Client 1: Consider a reverse lunge instead of a forward stepping lunge – easier on the knees. If you need to incorporate calf raises – consider a step to get a bit of a stretch and full contraction of the muscle.
Client 2: Pins too low on the back squat – move up 1 or 2 notches and be ready to spot. Better exercise selection and order with this client.
try and have a little more slack on the battle ropes for bigger waves. Be careful super setting this exercise with rows. The ropes can be very fatiguing – may want to save to finish off with instead of super setting. For this workout this about the order of exercises and your superset pairings.
Client 1: Why not adjust the bench to support the clients back during the db shoulder press? Nice coaching and cues throughout different exercises. For the chest stretch sometimes I find stretching both sides at once in the doorway is better to achieve a better stretch in the chest (less twisting and less stretch in the shoulder joint).
Client 2: Nice coaching of different movements. Consider using a step for calf raises for a slight stretch and full contraction of the muscle if needed.
Client 1: Why did you let your client lift the loaded bar from the rig at squat height down to the floor? Why was your client not utilizing full range of motion for deadlifts? If you want to train calves – use a step to achieve a slight stretch and full contraction of the muscle. Make sure you clean up your equipment when you are done using it (left plates on the bench press).
Client 2: Watch your client’s posture – for the walking lunges her shoulders were shrugged up – cue shoulders down and back. Don’t touch your client when spotting unless they need help. Less knee bend on the seated row will make the exercise more comfortable for you client – so she can pull the weight towards her torso. Arms slightly in front for lateral raises (easier on the shoulder joint).
Client 1: Got into isolation movements early on – could you do more compound movements for an upper body day and save isolation movements for the last 10-15 minutes of the workout? The pace/intensity of this workout seemed a little slow. The push ups would have been better earlier on in the workout before the arms were fatigued with isolation movements.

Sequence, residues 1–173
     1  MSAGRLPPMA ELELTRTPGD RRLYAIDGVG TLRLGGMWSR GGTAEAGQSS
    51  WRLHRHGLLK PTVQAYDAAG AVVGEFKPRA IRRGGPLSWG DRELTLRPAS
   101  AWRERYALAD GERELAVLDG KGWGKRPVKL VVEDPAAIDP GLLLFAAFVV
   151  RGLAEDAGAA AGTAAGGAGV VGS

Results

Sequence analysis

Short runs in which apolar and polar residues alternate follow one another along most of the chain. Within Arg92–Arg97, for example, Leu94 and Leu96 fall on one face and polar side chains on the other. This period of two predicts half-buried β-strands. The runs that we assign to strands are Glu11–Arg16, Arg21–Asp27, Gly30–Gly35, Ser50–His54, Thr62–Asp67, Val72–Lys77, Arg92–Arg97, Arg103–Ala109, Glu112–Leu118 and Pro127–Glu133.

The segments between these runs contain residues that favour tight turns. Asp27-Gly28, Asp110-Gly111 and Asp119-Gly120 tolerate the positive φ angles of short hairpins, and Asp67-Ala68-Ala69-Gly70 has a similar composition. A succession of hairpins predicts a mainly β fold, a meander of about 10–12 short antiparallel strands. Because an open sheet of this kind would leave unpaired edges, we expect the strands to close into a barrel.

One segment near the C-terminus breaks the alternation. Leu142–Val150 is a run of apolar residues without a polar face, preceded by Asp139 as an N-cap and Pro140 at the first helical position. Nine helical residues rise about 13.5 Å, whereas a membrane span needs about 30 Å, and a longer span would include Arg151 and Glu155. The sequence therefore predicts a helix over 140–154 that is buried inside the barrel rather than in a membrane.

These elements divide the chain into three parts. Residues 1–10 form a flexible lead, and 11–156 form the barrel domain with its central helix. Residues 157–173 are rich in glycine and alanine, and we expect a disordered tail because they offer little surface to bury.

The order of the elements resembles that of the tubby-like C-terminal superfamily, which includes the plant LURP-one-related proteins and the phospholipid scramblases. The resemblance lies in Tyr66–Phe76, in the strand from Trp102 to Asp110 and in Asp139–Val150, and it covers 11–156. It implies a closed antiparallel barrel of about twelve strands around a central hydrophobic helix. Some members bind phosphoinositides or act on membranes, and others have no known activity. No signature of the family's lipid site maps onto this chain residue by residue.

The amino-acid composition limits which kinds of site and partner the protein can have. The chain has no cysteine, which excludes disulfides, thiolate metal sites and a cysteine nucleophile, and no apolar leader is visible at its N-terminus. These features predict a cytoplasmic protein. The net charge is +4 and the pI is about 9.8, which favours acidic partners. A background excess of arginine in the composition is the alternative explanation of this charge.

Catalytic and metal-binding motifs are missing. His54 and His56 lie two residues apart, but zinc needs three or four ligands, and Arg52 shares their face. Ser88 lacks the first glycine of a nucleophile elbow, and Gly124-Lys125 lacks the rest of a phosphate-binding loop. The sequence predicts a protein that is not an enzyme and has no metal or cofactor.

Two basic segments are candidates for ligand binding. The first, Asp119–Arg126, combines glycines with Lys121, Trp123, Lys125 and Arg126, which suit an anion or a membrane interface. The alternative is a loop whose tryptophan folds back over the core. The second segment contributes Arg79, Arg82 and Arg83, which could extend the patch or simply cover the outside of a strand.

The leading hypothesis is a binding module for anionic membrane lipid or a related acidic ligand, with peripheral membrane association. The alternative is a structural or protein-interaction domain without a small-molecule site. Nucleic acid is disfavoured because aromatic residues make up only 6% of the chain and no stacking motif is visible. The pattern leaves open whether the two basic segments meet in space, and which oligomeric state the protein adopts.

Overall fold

Client 2: Try not to just count reps when your client is doing movement – use some coaching cues. Try and coach some more compound movements before getting into isolation movements like bicep curls. Your client is very chatty – keep trying to keep her focussed on the workout. Aim for more of an athletic stance with the low to high chop.
Client 1: Nice coaching for the back squats. Nice selection of lower body exercises – I liked the single leg exercises and order. For the box steps – use the side of the box without the clips.
Client 2: Nice selection of exercises for a pull day with challenging loads. Bent over rows- nice coaching first set was pretty upright but other sets much better hinge position
Client 1: For the single arm kb swing arm out to the side is fine – try not to have client rotating back (he was doing this when swinging with the right arm). Cue more of a hip thrust client was arching through back a lot – not sure if this was fatigue or if you need to regress and work on hinging more. I would stick with the modified hurdlers stretch for the hamstrings.
Careful with the plyo push ups – I am not sure what your rep range was I only caught the end but client looked very fatigue and form sloppy on the rep I saw.
Why did you have your client holding the dumbbells up on his back near the dumbbell rack while talking to him for so long? The position looked too far back and uncomfortable. Otherwise when he went to do the squats form looked good.
Better cueing for the seated row this week!